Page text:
The genetic test Munn initially received checked for 90 cancer genes. 

Munn advocated for her own doctor’s recommendation that anyone with a Breast Cancer Risk Assessment Score more significant than 20% should make a plan with their doctor and receive an annual MRI and mammogram beginning at age 30. She credits her doctor’s proactive decision to calculate her risk score as pivotal – “The fact that she did save my life.”  

Olivia Munn

Is the BCRAT Screening Tool Olivia Munn Used Right for Everyone?

With this information in mind, why doesn’t everybody complete the BCRAT to determine their breast cancer risk score? Some evidence shows that the BCRAT might not provide complete or accurate data for all demographics.

For example, it was originally developed in 1989 based on data only from white women. However, the algorithm has been updated to increase screening accuracy in women of Black, Hispanic, Asian, and Pacific Islander descent. The NCI stated that it could underestimate risk in Hispanic women born outside the U.S. and in Black women with previous biopsies. The site suggests that more research is needed to validate risk in various subgroups.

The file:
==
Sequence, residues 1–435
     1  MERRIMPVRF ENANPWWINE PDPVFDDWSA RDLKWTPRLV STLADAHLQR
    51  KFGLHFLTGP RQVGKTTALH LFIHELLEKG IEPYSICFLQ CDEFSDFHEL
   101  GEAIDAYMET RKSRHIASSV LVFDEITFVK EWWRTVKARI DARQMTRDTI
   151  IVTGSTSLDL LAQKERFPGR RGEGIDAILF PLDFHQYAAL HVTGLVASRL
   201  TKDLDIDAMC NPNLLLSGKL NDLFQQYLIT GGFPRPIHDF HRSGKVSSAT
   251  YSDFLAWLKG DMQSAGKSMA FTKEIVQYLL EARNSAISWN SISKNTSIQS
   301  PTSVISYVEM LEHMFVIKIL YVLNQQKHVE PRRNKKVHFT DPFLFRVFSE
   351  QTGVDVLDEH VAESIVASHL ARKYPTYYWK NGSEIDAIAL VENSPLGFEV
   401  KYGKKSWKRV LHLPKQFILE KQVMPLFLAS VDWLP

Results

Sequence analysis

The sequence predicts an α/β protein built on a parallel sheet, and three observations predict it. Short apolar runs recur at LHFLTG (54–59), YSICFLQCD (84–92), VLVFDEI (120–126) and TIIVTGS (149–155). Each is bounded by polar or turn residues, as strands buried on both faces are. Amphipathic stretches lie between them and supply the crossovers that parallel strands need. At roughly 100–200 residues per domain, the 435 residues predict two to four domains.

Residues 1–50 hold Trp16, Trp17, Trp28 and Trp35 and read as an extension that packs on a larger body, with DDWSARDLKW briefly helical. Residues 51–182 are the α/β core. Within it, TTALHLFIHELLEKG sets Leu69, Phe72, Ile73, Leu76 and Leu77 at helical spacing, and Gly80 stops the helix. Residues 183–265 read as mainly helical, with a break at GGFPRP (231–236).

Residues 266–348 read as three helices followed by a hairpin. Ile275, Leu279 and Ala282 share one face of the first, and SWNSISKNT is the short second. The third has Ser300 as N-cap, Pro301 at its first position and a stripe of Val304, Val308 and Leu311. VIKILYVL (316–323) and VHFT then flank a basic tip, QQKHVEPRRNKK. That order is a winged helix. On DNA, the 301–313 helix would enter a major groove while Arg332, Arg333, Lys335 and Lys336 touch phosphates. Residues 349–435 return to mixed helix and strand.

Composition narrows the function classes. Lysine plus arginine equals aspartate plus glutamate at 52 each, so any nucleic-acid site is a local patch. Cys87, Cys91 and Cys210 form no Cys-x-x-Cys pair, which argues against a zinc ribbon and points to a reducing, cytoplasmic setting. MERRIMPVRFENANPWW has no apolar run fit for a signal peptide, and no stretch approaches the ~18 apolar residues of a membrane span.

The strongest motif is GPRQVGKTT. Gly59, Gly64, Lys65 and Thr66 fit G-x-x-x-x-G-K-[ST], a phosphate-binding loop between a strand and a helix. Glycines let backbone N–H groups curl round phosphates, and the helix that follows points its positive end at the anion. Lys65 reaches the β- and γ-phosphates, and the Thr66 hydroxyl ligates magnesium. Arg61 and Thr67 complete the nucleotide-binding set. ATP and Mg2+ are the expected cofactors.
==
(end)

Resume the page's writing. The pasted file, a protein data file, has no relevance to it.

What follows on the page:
In addition, while the BCRAT tends to under-represent risk, a standard screening counterpart used by healthcare providers called the International Breast Cancer Identification Study (IBIS) tends to over-represent risk. Doctors may balance both screens to identify at-risk patients.

The BCRAT also may not be the ideal tool for patients with a history of the following medical conditions: